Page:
alternatives (Table 1), our direct approach to the physical design automation of data
warehouse is achieved through the use of rules. It should be noted that majority of
listed approaches are academic and that only Golfarelli [26] has a long tradition of
industrial use which is also a characteristic of the Data Vault approach itself [15], [16],
[44]. A direct physical design for data warehouses is practical only in the case of a
data vault type of data warehouses and is made possible by separating storage of
identities (permanent keys) from evolving relationships and characteristics (attributes).

A Direct Approach to Physical Data Vault Design

575

Table 1. Comparison of data warehouse design approaches

Approach

Conceptual
DW model

Generating
Physical
DW model

Data
Vault

Data Source
SemiStructured structured

[36]

[37]

[38]

[39]

[40]

[41]

[43]

Using
Rules

X
X

X
X

[42]

Direct
Physical DV

An important contribution of our approach is the realization of a possibility to


directly derive Data Vault schema from source RDBMS schemas. The direct approach
to physical Data Vault design is now possible thanks to the feature of the Data Vault
models i.e. the separation of unchangeable identities of entities in real systems (Hubs)
from time variant relationships (Links) and the characteristics of such entities and
relationship (Satellites).
There are many approaches to modeling and/or generating ETL process and code
for example [45, 46, 47, 48, 49, 50, 51 and 52]. In Muoz [51] an approach to the
automatic code generation of ETL processes is given. The modeling of ETL processes
used MDA (Model Driven Architecture) with the formal definition of a set of QVT
(Query, View, Transformation) transformation. The problem of defining ETL activities
and securing their formal conceptual representation is given in Simitsis and Vassiliadis
[48]. The proposed conceptual model provides custom attributes for monitoring and
appropriate ETL activities in the early stages of project data warehouse, and flexibility,
extensibility and reuse patterns for ETL activities. Jovanovic (et al) [53] presents a tool
GEM that from a given set of business requirements and data source descriptions semiautomatically produces multidimensional and ETL conceptual designs. In addition,
many commercial ETL design tools exists [54, 55, 56, 57, etc.]. Nevertheless none of
the before mentioned approaches and tools consider the ETL process in a Data Vault
based data warehouse context that is for a second generation of data warehousing
models.
Sources listed in Table 1 above mainly represent academic contributions. Of interest
to practitioners and to our research are also several additional sources illustrating the
development and/or use of tools to automate the design of data warehouses.
Golfarelli (et al) [58] presented the prototype CASE tool WAND. This tool assists
the designer in structuring a data mart, carries out conceptual design in a semiautomatic fashion, allows for a core workload to be defined on the conceptual scheme
and carries out logical design to produce the data mart scheme.

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Dragoljub Krneta, Vladan Jovanovi, and Zoran Marjanovi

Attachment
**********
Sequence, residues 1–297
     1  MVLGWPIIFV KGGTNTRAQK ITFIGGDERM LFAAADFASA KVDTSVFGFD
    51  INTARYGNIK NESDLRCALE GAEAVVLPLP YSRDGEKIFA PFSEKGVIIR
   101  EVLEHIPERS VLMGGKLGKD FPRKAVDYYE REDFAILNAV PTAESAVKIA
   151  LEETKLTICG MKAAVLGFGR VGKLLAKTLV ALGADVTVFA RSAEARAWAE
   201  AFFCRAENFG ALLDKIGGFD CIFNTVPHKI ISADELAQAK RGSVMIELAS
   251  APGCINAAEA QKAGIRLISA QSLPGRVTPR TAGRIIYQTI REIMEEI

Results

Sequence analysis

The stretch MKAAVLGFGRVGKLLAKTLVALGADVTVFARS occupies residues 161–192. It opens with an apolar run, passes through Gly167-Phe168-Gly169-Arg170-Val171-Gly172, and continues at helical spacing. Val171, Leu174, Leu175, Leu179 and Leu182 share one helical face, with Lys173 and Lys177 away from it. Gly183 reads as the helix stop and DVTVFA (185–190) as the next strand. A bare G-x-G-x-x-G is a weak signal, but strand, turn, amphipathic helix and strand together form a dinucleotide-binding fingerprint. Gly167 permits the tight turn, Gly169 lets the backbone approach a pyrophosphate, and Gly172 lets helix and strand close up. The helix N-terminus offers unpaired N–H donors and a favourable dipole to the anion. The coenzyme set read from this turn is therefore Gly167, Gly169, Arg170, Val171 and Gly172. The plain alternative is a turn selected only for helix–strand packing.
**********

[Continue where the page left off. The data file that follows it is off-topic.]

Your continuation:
QBX is a CASE tool for data mart design resulting from a close collaboration
between academy and industry. It supports designers during conceptual design, logical
design, and deployment of ROLAP data marts in the form of star/snowflake schemata,
and it can also be used by business users to interactively explore project-related
knowledge at different levels of abstraction. [59].
BIReady's Model-driven Data Warehouse generation engine [60] is one extension of
CA Erwin tool that allegedly uses best practices and a stable architecture so that one
can easily manage and evolve data warehouse. BIReady is able to generate a Data
Warehouse automatically from a business model. BIReady even generates the ETL and
loads data. BIReady builds data architectures from the ground up based on bestpractices. For example, the Corporate Information Factory (CIF) pattern by Bill Inmon,
the father of Data Warehousing, and Dan Linstedts Data Vault modelling approach.
Even BIReadys datamarts are real Kimball Star-schemas.
The Birst [61] tool automatically compiles a logical dimensional model into a star
schema design and then generates and maintains fact and dimension tables. Logical
measures are automatically analyzed for calculation grain, while logical dimensions
are analyzed for levels requiring persistence. This tool generates and manages all key
relationships, including surrogate keys where necessary and provides data connectivity
and extract options for a wide variety of databases, both flat and structured files. The
Birst also supports scheduled data extraction from all major relational database
management systems, including Oracle, DB2, SQLServer, MySQL, Sybase, and
PostgreSQL.
Quipu [62] is an open source data warehouse generation system that creates data
warehouses and supports Data Vault architectures. Quipu automates the data
warehouse data model design and generates the ETL load code to fill the data
warehouse from source systems. With Quipu you can simply and quickly generate and
implement a source driven Data Vault, often referred to as source or raw Data Vault.
Additional business value can be achieved by implementing a business Data Vault,
where source data is combined in a Data Vault implementation of a single business
model. Quipu supports both Data Vault architectures. Quipu's repository holds all